The word "impeachment" is being spoken and written with a frequency it hasn't been since Bill Clinton and Richard Nixon were President.
What impact could the turmoil in Washington have on a society that's become more politically divided?
Before last week, the stock market was flying high.
Then the President fired FBI director James Comey, and the Dow Jones and NASDAQ numbers froze and started dropping, big-time.
Uncertainty and doubts about our government's integrity and credibility can be bad for more than just business.
"When you weighed the President's story against Comey's contemporaneous memo, Comey came out on top,” says Seth Kaplowitz, business law lecturer at San Diego State University. “And that's why the market sat. Because somebody's saying there's more here than meets the eye."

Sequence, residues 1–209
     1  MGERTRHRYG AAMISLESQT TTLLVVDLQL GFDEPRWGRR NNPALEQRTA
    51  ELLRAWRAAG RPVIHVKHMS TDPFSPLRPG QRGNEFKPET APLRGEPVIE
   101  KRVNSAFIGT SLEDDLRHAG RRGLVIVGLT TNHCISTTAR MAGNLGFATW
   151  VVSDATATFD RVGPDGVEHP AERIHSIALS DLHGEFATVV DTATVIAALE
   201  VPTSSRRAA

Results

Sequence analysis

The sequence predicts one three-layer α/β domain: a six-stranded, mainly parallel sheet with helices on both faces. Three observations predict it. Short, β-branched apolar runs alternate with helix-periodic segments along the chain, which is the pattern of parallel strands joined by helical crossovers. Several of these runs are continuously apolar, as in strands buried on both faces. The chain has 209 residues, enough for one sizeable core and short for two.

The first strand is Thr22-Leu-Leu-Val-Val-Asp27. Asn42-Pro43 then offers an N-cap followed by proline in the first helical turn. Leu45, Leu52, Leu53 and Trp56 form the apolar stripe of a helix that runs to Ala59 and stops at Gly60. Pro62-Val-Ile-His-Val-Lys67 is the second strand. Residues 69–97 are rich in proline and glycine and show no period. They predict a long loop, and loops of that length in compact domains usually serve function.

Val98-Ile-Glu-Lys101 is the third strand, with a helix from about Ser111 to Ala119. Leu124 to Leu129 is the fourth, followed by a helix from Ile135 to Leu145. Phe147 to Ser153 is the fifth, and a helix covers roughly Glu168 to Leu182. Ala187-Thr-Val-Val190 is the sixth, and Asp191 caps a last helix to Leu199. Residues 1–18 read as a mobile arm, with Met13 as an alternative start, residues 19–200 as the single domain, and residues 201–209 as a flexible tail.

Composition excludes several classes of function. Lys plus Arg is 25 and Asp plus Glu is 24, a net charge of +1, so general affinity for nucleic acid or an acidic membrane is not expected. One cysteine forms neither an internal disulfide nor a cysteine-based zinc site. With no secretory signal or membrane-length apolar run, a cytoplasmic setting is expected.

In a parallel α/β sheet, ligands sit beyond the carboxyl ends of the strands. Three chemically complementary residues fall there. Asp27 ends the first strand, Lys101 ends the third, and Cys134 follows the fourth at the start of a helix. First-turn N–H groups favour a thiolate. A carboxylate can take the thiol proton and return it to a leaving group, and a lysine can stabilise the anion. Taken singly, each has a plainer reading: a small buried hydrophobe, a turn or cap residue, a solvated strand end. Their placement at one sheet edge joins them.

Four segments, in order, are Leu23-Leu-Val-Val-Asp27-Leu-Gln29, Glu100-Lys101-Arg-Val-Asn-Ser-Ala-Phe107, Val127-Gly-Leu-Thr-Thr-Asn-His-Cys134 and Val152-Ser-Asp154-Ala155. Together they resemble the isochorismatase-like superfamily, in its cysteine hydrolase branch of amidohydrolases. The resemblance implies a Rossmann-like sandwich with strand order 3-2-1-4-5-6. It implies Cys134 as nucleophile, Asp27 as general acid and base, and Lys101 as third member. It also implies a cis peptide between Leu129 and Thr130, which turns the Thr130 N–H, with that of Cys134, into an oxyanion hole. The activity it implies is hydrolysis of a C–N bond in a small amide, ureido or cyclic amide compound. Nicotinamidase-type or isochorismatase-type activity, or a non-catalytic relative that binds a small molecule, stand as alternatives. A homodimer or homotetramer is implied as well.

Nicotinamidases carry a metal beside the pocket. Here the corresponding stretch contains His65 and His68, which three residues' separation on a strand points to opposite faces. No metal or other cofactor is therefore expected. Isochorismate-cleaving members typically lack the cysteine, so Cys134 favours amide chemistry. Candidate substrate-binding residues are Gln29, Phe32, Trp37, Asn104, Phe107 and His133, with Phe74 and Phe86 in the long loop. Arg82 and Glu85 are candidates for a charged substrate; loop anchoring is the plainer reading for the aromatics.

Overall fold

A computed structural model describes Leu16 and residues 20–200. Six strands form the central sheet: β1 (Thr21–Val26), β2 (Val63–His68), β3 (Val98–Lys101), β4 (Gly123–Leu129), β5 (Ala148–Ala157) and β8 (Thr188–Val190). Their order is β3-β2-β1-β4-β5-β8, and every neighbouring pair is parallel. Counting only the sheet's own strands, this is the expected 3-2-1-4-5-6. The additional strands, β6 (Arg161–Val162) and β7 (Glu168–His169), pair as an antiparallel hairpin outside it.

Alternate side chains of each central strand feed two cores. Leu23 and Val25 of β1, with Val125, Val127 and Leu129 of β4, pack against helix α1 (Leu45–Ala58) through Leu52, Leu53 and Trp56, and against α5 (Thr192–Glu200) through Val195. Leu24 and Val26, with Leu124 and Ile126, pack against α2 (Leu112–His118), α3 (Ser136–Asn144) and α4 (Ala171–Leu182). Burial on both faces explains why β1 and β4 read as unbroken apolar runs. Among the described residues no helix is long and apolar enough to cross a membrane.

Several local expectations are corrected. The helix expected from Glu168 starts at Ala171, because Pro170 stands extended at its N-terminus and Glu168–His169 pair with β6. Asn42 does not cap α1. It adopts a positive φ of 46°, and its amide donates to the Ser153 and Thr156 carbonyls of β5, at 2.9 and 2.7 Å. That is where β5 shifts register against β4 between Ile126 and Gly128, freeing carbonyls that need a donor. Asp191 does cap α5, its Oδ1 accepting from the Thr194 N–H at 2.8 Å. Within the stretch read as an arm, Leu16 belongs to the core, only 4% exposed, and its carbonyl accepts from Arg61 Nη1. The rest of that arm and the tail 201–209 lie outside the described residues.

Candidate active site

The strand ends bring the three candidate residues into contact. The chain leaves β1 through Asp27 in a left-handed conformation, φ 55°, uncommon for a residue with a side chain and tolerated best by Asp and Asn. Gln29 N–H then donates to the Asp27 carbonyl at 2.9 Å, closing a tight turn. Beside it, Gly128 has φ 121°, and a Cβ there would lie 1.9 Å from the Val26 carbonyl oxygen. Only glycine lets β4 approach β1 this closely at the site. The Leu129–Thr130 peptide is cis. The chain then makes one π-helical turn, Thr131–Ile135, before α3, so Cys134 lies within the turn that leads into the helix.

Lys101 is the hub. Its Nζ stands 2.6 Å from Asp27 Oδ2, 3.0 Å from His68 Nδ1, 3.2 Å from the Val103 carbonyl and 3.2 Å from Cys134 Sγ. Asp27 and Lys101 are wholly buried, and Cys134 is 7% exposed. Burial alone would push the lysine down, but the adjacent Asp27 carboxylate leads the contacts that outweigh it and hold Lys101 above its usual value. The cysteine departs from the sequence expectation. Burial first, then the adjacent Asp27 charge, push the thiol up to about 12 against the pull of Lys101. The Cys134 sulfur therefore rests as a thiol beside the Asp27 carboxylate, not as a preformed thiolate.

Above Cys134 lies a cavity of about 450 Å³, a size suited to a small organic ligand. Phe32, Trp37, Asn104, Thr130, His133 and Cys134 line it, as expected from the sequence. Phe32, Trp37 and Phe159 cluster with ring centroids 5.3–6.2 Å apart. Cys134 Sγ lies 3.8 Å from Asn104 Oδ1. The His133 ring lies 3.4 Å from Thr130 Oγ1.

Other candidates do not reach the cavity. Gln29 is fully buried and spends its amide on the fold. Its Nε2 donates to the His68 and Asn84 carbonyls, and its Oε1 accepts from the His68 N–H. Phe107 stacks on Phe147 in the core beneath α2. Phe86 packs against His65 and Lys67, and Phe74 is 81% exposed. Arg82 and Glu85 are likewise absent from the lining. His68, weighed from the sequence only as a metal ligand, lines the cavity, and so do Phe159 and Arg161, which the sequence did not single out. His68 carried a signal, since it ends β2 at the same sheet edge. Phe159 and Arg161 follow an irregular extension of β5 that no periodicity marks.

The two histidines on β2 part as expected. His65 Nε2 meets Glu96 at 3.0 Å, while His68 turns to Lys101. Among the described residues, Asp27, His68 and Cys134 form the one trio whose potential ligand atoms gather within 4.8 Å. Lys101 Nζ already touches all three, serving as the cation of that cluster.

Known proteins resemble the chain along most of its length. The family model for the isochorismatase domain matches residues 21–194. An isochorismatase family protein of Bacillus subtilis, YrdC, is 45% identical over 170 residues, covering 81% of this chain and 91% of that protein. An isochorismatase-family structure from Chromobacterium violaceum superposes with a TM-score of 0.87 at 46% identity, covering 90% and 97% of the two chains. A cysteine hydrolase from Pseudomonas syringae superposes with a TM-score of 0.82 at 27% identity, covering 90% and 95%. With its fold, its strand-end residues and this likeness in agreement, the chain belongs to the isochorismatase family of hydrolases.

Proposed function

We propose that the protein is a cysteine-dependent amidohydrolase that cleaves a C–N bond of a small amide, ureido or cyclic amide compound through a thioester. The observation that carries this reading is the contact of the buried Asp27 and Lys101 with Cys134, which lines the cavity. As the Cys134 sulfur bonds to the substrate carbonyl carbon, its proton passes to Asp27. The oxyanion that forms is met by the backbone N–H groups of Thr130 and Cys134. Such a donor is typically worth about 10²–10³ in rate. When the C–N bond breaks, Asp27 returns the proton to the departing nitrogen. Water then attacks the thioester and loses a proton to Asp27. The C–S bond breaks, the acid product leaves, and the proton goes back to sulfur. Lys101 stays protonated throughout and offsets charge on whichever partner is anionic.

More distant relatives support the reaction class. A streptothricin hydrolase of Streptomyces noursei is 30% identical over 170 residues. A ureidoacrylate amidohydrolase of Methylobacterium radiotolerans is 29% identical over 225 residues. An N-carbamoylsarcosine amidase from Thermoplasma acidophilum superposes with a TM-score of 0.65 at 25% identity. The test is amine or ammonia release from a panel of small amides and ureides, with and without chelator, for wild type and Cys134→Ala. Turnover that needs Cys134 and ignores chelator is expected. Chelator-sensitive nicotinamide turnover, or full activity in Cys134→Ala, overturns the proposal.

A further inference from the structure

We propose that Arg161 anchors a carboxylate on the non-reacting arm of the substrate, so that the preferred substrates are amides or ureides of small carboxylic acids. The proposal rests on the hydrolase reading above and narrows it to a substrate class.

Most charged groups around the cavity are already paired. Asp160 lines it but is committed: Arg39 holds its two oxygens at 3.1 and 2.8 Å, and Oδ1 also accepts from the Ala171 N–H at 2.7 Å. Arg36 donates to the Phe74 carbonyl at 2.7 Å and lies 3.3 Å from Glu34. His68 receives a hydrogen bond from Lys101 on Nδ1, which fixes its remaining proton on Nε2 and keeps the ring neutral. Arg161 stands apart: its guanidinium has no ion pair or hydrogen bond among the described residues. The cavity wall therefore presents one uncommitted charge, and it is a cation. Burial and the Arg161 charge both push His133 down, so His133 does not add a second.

Just as there was in the Watergate era.
What some called a "third-rate burglary" turned out to be a third-alarm political and legal fire that consumed a President's administration.
William Lanouette covered the Senate Select Committee hearings for the "National Observer" and still recalls the articles of impeachment.
In his view, what's happening now in Washington feels "eerie and similar" to the events of Watergate, such as the so-called "Saturday Night Massacre" of high-level firings.
Coverage of today's developments is much faster and more furious.
People who closely follow the situation may find themselves "going online" to the point of distraction and dismay.
"But I think if you take stock, maybe if you read a paper or you listen to something like the evening news, you'll have a chance to take it a day at a time,” Lanouette said in an interview Thursday.